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Renewable and sustainable energy for the power sector in Lao PDR: Policies, practices and performance

Saignasane, Alignakone (2021) Renewable and sustainable energy for the power sector in Lao PDR: Policies, practices and performance. Masters by Coursework thesis, Murdoch University.

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Abstract

Lao PDR has good potential for renewable energy sources including hydropower, solar, wind, and biomass. Hydropower has been the main source of the country’s electricity generation for many decades. This source of electricity dominates around 80% of the total power generation followed by coal-based power and less than 1% of other renewable energies. In this circumstance, it is essential for the Government of Lao PDR to identify other renewable energy sources for power generation. One of the approaches is to avoid increasing fossil fuel-based power generation capacity and reinforce policies to safeguard the power generation sector from socio-economic and climate impacts to increase the foreign revenue from cross-border power trade. Otherwise, this status quo will lead to environmental impacts, including increasing emissions from coal-fired power plants that will have implications on achieving the 2030 Agenda for Sustainable Development (SDGs) and the Paris Agreement. Besides, Lao PDR, in its Nationally Determined Contribution (NDC), has agreed to reduce GHG emissions, particularly by increasing the share of renewable energy to 30% of energy consumption by 2025.

The analysis of this study is used the Low Emission Analysis Platform (LEAP) modelling software to run a continuous time series from 2020 to 2030 of the two energy policy scenarios using: (1) the current policy scenario (CPS) and (2) the high renewable energy scenario (HRES). The analyses indicate that there is an exponential growth in energy demand for both scenarios with slightly higher demand in CPS over HRES scenarios. Biomass is the highest energy consumption and remains an important source which is primarily used for household cooking, followed by diesel consumption in the transport sector. In the environmental view, GHGs emissions in the CPS scenario are much higher than the HRES scenario. This is reflected in energy demand and supply sectors that there should have a technological advancement for alternative energies. To limit the growth in energy consumption and thus reducing emissions in the energy sector, promoting energy-efficient appliances in the residential sector could be a suitable option. In addition, the government should put more effort into introducing the use of electric vehicles in order to lessen fossil fuel consumption internal combustion engines. In the meantime, the diversification of energy sources particularly non-hydro renewables should be considered to reduce the planned capacity expansion of fossil fuel-based power generation.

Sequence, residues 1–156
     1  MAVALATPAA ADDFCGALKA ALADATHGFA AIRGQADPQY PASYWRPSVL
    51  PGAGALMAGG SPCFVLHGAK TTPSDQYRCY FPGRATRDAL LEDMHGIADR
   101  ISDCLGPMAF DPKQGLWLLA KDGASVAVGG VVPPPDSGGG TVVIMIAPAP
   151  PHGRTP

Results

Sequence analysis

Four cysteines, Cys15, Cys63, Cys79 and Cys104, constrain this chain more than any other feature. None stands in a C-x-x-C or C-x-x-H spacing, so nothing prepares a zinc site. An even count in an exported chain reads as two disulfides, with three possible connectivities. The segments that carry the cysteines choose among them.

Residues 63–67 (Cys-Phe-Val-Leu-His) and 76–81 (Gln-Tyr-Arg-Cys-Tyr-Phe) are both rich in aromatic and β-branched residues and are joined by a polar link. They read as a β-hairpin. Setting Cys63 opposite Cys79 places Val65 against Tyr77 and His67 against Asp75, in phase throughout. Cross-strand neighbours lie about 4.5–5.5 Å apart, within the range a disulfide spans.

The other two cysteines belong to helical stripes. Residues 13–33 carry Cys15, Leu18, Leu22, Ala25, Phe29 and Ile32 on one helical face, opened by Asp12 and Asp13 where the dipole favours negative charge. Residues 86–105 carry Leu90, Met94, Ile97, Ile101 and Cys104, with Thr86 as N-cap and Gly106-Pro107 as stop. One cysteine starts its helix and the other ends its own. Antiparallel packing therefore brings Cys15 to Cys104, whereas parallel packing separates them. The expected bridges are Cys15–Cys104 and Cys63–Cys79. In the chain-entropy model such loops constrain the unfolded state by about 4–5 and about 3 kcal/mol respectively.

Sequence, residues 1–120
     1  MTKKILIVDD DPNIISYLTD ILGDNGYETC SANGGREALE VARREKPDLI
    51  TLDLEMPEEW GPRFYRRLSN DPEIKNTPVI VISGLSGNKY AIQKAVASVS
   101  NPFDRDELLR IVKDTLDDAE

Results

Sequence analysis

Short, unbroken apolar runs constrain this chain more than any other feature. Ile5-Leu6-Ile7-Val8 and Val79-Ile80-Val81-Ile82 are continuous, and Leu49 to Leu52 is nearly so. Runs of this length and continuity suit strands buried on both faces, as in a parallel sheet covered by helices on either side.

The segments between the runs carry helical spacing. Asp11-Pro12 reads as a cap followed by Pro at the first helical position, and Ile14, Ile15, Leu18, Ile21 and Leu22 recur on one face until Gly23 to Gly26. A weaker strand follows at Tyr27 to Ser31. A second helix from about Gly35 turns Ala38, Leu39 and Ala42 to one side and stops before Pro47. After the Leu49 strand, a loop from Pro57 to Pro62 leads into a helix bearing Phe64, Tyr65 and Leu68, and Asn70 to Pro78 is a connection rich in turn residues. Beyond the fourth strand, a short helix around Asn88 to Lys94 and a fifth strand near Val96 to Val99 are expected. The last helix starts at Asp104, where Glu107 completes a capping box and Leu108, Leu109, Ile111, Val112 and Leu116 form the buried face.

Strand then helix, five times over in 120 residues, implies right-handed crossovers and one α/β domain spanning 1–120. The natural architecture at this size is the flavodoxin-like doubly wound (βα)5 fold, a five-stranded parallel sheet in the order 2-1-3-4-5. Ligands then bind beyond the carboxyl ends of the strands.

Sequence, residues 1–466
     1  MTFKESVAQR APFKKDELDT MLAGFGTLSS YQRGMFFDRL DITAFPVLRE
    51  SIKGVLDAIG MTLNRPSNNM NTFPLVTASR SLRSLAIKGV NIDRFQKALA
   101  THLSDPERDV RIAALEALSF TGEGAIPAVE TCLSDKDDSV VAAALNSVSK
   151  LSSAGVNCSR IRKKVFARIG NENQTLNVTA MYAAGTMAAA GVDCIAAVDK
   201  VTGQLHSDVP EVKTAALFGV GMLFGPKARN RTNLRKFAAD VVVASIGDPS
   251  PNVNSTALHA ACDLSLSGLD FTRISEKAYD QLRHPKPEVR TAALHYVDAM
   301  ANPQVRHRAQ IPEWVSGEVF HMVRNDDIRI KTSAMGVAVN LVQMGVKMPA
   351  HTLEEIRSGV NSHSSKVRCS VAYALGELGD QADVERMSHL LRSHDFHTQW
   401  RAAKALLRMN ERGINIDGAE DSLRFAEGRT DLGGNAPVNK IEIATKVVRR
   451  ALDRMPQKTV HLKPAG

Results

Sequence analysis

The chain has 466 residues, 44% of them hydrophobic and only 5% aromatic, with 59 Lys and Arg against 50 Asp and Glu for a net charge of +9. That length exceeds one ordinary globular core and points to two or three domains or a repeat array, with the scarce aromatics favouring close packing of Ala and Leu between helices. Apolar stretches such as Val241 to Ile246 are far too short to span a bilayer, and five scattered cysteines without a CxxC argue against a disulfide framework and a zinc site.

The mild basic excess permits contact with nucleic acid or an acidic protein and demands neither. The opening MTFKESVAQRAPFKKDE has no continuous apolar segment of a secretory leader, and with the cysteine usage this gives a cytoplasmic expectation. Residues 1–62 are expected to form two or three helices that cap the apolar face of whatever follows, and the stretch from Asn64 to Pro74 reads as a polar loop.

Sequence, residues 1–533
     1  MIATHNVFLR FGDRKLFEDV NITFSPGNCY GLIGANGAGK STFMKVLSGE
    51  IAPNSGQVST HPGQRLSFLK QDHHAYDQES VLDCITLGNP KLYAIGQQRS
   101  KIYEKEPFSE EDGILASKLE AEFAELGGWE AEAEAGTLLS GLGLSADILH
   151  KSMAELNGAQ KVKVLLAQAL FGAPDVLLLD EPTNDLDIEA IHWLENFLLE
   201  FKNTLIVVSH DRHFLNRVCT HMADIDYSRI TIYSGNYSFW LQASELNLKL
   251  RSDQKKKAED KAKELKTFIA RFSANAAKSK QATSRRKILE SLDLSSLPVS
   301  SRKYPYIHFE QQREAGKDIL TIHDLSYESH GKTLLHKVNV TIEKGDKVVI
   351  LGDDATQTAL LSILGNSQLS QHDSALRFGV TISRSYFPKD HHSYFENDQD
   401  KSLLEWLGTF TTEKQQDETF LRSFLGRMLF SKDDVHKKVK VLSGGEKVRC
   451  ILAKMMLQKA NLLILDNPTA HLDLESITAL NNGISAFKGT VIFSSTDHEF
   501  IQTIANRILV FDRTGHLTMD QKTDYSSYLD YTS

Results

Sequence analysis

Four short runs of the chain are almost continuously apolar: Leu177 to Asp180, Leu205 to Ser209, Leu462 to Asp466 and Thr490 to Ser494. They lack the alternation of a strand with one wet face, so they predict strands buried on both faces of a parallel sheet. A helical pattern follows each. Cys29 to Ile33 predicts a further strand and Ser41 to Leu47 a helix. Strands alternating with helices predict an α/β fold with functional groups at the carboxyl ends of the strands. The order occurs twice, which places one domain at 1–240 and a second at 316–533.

Above all the notions have been set as parameters in mitigating the emissions from traditional fossil fuels in both demand and power generation. More importantly, enhancing non-hydro renewable energy technologies to avoid an over-reliance on hydropower, will result in more productive and effective outcomes for the power sector in the future.

Item Type: Thesis (Masters by Coursework)
Murdoch Affiliation(s): Engineering and Energy
United Nations SDGs: Goal 7: Affordable and Clean Energy
Supervisor(s): Zaman, Anis
URI: http://researchrepository.murdoch.edu.au/id/eprint/59800
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